The Scalia Murder Conspiracy Theory Debunked

After hearing about the passing of conservative Supreme Court Justice Antonin Scalia, radio show host Alex Jones took to the web to share a theory behind his death: Scalia was murdered. Scalia was found dead at a resort in West Texas at the age of 79, and the county judge pronounced he died of natural causes. As the nation mourned his death and Republicans immediately called for the Senate to postpone appointing a replacement until the next president is in office, Jones was busy posting a lengthy video on Facebook laying out "evidence" that Scalia had been murdered. However (and unsurprisingly), the Scalia murder conspiracy theory can easily be debunked.

After accusing President Obama of blackmailing Supreme Court justices and funding ISIS (among other crimes) in an "emergency transmission" video to his fans Saturday, Jones said, "this is the season of treason," and "we would be fools to not ask" if there was some concerted plan to take down Scalia. "You have to have your head examined if you didn't question whether Scalia was killed," Jones touted in his video, after speculating that drugs were slipped into Scalia's drink to induce a heart attack.

I hate to break it to you, Jones, but this is not House of Cards, and the Democratic party does not have an elaborate plan to murder conservative leaders with whom they don't agree.

For starters, if Obama did want to kill Scalia, wouldn't it make more sense to do it much earlier in his presidency? He now faces an uphill battle to push a Supreme Court nomination through a Republican-led Senate before someone else is in the White House in January. Republicans didn't take control of the Senate until 2014, so the Obama administration could have replaced a Supreme Court justice with significantly fewer issues than it faces now.

DC Whispers, which isn't exactly the most reputable website, claimed that Obama knew about Scalia's death hours before it was made public, insinuating that the president's alleged prior knowledge meant he was somehow involved in the justice's death. Assuming that's true, as the leader of the nation, Obama gets a lot of news before it's made public, including threats to national security and military issues. The passing of a Supreme Court justice is a big deal — any president would be notified immediately. Attempting to use the president's knowledge of a major political event as evidence that he was involved in a pre-meditated murder is ludicrous. If Obama is informed of a possible North Korean missile launch before news organizations report it to the public, does that mean he played a part in the scheme? Obviously not.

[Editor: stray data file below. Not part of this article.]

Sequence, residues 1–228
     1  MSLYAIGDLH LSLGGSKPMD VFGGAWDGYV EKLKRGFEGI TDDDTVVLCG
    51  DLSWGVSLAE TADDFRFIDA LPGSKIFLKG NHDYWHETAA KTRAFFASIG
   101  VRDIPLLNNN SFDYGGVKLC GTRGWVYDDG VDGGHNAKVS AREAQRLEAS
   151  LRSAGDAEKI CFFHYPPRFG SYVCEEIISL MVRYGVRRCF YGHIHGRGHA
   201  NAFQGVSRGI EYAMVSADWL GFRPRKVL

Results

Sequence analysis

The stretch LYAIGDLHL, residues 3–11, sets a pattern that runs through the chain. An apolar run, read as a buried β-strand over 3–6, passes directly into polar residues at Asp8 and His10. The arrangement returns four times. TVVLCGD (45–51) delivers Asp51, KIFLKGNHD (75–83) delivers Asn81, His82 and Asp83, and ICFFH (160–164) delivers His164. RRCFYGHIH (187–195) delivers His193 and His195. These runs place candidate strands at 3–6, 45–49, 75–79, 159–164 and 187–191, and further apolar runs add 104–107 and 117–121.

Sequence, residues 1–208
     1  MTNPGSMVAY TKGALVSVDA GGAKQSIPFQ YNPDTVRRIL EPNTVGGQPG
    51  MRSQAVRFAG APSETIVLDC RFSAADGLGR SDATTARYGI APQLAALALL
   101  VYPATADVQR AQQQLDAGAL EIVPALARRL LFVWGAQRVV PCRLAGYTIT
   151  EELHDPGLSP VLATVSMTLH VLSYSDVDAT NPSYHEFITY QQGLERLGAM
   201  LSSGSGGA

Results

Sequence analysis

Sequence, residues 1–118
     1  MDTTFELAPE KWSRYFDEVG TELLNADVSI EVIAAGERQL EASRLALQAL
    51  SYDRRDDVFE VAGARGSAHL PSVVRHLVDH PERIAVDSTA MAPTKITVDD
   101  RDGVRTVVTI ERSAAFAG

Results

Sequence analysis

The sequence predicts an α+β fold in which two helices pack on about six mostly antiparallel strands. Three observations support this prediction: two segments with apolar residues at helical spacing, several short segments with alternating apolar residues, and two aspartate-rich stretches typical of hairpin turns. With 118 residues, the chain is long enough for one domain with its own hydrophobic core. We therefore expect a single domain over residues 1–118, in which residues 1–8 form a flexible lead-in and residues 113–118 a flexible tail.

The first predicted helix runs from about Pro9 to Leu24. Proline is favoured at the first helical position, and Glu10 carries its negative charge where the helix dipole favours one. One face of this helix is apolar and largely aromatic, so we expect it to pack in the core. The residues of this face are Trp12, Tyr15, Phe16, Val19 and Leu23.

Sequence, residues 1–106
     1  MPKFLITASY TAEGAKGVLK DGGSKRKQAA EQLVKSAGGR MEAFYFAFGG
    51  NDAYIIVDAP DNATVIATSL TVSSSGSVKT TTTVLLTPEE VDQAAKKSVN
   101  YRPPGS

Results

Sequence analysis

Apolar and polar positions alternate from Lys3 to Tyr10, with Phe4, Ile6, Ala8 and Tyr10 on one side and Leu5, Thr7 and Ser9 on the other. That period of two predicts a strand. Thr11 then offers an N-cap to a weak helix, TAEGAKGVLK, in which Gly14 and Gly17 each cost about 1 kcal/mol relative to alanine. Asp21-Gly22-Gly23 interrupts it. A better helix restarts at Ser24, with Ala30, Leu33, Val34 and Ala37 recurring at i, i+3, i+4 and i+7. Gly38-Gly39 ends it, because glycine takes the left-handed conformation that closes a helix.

Because Scalia's family declined to have an autopsy done and a judge said one wasn't necessary, Jones can continue to speculate about how he really died — and he has. On his radio show on Monday, Jones hammered on the Scalia murder conspiracy theory speculation. "If this is foul play, if the Clintons are murderers — which is known — if the ocean is blue... what do you think is happening here?" Jones spouted in an illogical stream of murderous conspiracy theories pegged to major Democrats.

The news site WND (WorldNetDaily) also jumped on the Scalia murder claims. "Anytime a head of state, member of Congress, or the most conservative member of the U.S. Supreme Court is found dead, an extensive autopsy and toxicology examination should be both immediate and mandatory," said William Gheen, president of the Americans for Legal Immigration political action committee. (That said, according to the Anti-Defamation League, Gheen is known for "advanc[ing] his group's mission by branding undocumented immigrants as murderous criminals.")

"We do not contend there is a conspiracy, we contend that there should be no doubts, and the way authorities and the media are rushing conclusions will leave major doubts and legitimate concerns about a death that could lead to a radical political transformation of America to the left," Gheen added.

Right-leaning politicians and voters may be especially upset by the death of the Scalia, who The New York Times called "a leader of a conservative intellectual renaissance." Nevertheless, a far-fetched conspiracy theory claiming that the revered Supreme Court justice was murdered only inflames the divisive battle to fill his spot on the bench and detracts from honoring Scalia's life and legacy.